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BrenRich101 03-28-2010 03:52 PM

rEFIt advice needed

I am getting my MacBook Pro next week, and was just looking for some information on triple-booting it with Mac OS X, Windows XP, and Windows 7.

The only guides I have found seem to be years old (and working with Vista, not 7), so I'm not completely sure if they are still relevant.

Could anyone possibly shed some light on the subject, about the go about it the proper way? I'm probably looking for a step-by-step guide or walkthrough etc.

I can also confirm I'm going to be working with rEFIt for this.

Thanks in advance,

Jamie-Jamie 03-28-2010 04:21 PM

Why do you need XP and 7? Anyway Windows 7 is 100% identical to Windows Vista, don't let tech pundits or marketing tell you otherwise. Same instructions will work. I'd say put 7 in Boot Camp and just run XP in Parallels. But this requires something crazy:

Purchase a license for Windows 7 Home Premium or higher.
Purchase a license for Windows XP Pro
Purchase Parallels.

Why not just run 7 in Boot Camp and let that be it? You can then run Virtual PC which is free if you need some XP crud.

BrenRich101 03-28-2010 04:25 PM

That was what I did originally have in mind, but it's not just simple applications that I want to run - a few graphics-intensive, but fairly old games that I know won't run in 7, and things like old versions of Cubase etc that require a dongle that doesn't want to play nice in 7.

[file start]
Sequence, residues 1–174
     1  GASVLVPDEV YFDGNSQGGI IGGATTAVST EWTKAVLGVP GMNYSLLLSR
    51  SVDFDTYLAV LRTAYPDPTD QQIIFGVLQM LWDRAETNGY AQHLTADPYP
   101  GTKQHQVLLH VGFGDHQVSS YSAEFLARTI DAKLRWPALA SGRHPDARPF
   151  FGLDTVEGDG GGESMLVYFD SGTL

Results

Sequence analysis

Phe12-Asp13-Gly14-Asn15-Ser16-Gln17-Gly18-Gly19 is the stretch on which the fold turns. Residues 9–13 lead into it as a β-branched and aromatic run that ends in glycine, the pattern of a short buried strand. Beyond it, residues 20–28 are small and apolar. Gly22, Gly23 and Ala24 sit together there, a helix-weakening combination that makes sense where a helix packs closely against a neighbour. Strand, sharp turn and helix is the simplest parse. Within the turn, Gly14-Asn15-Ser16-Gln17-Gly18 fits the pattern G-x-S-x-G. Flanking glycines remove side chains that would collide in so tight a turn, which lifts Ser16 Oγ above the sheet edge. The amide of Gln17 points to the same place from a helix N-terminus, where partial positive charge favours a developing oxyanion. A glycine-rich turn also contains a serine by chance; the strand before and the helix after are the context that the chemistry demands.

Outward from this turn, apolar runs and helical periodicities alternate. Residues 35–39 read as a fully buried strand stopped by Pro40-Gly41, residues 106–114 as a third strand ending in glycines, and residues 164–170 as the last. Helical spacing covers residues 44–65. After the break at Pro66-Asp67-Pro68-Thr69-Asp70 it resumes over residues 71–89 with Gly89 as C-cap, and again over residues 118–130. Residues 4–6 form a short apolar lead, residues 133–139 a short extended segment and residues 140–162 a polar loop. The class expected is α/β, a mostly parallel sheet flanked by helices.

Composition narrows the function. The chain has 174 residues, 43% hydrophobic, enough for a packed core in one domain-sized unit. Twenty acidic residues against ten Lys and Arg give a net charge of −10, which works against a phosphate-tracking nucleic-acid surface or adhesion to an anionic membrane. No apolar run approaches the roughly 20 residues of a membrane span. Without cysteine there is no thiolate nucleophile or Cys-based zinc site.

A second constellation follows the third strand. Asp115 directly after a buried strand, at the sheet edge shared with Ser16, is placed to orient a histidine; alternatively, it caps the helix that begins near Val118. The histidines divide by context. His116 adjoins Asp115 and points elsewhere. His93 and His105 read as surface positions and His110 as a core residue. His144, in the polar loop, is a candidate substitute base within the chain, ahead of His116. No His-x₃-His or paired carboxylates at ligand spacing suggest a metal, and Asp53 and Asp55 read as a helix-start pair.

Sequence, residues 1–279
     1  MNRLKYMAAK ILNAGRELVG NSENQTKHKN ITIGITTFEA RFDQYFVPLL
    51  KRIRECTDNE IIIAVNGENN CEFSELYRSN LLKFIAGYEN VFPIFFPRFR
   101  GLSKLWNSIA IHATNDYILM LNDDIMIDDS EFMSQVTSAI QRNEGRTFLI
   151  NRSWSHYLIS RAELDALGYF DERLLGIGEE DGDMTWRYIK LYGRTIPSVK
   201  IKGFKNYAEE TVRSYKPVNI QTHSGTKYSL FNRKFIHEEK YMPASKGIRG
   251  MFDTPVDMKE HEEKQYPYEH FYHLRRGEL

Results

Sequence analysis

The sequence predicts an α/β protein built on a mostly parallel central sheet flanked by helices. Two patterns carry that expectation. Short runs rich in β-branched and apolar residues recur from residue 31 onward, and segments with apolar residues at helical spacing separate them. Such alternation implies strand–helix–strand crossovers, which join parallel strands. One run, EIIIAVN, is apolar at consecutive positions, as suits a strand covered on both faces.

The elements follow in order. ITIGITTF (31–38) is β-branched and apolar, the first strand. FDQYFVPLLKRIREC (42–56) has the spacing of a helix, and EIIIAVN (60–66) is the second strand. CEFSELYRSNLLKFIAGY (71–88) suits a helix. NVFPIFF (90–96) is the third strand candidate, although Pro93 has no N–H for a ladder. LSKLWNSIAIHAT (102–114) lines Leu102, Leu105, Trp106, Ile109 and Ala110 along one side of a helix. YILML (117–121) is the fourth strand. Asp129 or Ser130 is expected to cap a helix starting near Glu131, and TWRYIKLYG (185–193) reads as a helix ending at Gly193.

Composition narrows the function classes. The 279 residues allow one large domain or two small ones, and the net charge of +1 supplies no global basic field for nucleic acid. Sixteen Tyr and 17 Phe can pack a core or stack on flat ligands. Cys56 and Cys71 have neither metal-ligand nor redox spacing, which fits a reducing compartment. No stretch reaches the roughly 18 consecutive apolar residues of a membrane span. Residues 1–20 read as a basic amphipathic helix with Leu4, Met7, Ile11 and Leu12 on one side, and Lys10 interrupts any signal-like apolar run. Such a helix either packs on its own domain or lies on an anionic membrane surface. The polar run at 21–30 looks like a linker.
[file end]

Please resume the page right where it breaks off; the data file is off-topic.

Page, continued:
I've already done my research, and have decided that this is the way to go. I need to run everything natively.

However, thankyou very much for your reply :) much appreciated!

Jamie-Jamie 03-28-2010 04:27 PM

I'd say then just run XP in Boot Camp and not fiddle with 7. I dunno. I've used Windows for a total of about 8 hours since 1990, so I don't really know.

BrenRich101 03-28-2010 04:34 PM

I would like to stick with just XP to be honest. I just wanted 7 to keep up-to-date really. Plus I have a license for 7 that I haven't used yet, so just thought I'd stick on there to get used to it really, lol.

I may just follow a guide for Vista, and see how it works out.

If worst comes to worst, I can just re-installed Snow Leopard or something, can't I? I won't have any files or anything on yet.

Jamie-Jamie 03-28-2010 04:38 PM

That's true! If you don't have any data to lose, then there's no harm. And heck, you'll learn a lot from doing it all! I went and looked at the rEFIt and it looks like it would do the work for you. I'd just be worried of whether it would interfere with the Macintosh's built in EFI. Ya know... EFI tries to boot rEFIt and then you try to boot OS X from rEFIt.

I dunno. I'm still not used to this crazy Intel world :/

mknabster 03-28-2010 04:49 PM

Don't use Bootcamp at all, use iPartition with ReFit. I have REfit on my machine, though I only have one additional partition, it's all the same. I don't like Bootcamp because it gives me errors a lot saying I can't make partitions and that my hard drive is bad, when it really isn't. iPartition is a whole lot better, and gives you more options for the partitions like shrink and grow. Look into it, they're a nice pair.

BrenRich101 03-28-2010 06:53 PM

Thanks for your replies.

@Jamie-Jamie, I'm new to the whole Mac world, so don't know a lot, but I'm sure it probably wouldn't interfere with Mac's EFI would it? Otherwise it'd make the system unstable or something, and no one would use it? I don't know - I'm just being over-reasoning.

@mknabster, you're saying to use iPartition over Disk Utility, right? I'll definately look into it, but is there any specific advantage using iPartition over Disk Utility? I only ask because iPartition isn't free....

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